Student ideas win big prizes


Courtesy of the Entrepreneurial Studies Institute

First-year culinary arts student Jordan Foley was one of eight entrepreneurs who showed off a start-up at Hawktrade, a virtual show sponsored by the Entrepreneurial Studies Institute.

Audrey Wais, Advertising Manager

Three AACC students won cash prizes for their Big Ideas in November. 

First-year culinary arts student Jordan Foley won first place and $1,250 in prize money for his nonprofit organization, Chow, a culinary school for veterans. 

Foley, a Naval Academy graduate, said he plans to add several food trucks to the business.  

“We started Chow to make it easier for veterans to transition from military service to civilian life,” Foley explained.  

Foley’s goal is to buy the trucks for veterans to operate.   

“With this [prize] money, Chow can begin its next developmental phase, the Chow mobile training unit,” Foley said. “It’s a program that teaches the ins and outs of the food truck industry while serving the community.”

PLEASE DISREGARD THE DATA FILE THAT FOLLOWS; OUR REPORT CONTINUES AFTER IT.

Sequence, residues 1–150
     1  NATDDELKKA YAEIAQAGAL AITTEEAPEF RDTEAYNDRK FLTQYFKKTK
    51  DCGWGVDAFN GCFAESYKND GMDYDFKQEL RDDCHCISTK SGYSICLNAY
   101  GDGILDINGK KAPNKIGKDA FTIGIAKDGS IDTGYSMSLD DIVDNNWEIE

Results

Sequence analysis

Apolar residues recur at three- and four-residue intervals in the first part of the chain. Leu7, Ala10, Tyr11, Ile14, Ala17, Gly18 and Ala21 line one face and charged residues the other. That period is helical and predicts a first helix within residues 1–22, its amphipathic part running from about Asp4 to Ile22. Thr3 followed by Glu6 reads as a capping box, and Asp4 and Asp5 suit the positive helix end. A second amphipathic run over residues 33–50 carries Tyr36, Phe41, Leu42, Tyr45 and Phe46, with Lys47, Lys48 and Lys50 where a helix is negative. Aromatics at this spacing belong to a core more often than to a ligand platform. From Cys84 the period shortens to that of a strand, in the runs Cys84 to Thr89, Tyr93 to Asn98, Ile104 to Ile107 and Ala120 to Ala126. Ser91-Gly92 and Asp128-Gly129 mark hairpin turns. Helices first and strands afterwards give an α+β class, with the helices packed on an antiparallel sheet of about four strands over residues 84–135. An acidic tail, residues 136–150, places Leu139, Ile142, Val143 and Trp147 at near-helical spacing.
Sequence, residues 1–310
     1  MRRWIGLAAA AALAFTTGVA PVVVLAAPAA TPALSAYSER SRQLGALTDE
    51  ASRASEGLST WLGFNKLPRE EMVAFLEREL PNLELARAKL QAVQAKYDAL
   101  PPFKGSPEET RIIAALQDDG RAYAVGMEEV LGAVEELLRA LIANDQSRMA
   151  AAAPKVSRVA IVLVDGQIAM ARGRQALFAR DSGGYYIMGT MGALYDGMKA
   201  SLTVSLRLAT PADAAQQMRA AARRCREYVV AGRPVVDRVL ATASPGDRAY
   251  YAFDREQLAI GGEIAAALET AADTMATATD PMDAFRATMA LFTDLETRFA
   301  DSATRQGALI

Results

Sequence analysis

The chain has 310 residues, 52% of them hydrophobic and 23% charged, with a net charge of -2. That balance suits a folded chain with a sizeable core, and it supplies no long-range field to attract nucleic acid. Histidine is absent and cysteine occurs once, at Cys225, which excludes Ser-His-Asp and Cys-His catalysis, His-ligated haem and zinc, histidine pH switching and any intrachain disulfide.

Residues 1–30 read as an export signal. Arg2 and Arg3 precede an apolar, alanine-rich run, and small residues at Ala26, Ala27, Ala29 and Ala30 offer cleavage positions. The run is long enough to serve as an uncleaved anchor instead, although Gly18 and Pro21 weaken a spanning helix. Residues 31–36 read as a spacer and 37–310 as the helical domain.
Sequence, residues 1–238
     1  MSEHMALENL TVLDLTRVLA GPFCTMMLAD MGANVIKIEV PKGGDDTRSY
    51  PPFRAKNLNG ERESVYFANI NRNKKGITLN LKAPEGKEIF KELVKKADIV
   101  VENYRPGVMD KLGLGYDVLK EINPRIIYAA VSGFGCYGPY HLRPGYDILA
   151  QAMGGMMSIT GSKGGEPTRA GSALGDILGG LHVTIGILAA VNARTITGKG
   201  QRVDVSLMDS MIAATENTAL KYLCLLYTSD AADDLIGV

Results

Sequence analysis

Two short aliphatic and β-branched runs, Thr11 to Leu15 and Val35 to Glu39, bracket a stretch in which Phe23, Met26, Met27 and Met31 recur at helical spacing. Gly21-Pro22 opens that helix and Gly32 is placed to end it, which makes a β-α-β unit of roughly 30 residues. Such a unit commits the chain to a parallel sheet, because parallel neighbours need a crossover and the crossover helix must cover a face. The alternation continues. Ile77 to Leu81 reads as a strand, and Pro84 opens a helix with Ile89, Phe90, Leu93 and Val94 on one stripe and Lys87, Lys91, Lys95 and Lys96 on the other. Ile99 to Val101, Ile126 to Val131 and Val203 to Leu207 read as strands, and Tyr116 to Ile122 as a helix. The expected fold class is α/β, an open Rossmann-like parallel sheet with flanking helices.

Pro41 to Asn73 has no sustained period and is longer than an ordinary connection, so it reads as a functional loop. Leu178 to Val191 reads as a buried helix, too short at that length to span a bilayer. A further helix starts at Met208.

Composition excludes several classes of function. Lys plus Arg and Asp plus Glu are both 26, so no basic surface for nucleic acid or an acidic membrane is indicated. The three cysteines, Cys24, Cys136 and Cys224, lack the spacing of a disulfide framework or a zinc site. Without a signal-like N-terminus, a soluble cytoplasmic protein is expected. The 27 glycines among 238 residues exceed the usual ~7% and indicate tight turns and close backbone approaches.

He added: “It’s [going to] supply over 1,000 meals to those in need, and it’s going to provide roughly 50 to 70 hours of training for veterans in the kitchen, so that’s an incredible amount of money that we’re going to do so much good with,” Foley added.   

The annual Big Idea competition is hosted by the Entrepreneurial Studies Institute. Business students pitch their business ideas to judges for the chance to win money.   

First-year entrepreneurial studies student Andrew Parr won second place and the Fan Favorite award for his idea to turn Annapolis into “a beer tourism destination.” 

“Beer is the answer to revitalize the tourism industry” of Annapolis, said Parr, who plans to use his $750 prize to earn a master brewing certification and said he would like to open a beer garden and a gay bar in Annapolis. 

Third-place winner Kirk Rookwood, an entrepreneurial studies student, won $250 to help him offer free, healthy meals from a food truck to low-income families. 

“Far too many families go hungry in America,” the owner of Racal Rx, a virtual and mobile cooking school, said.  

“Just dream big, I mean super big, and that’s what the big idea is all about,” Gene Deems, a previous Big Idea event judge who sponsored this year’s winners, advised. “And also, while you’re dreaming about your vision, just also think about making a difference in the world because there’s so much you can do.”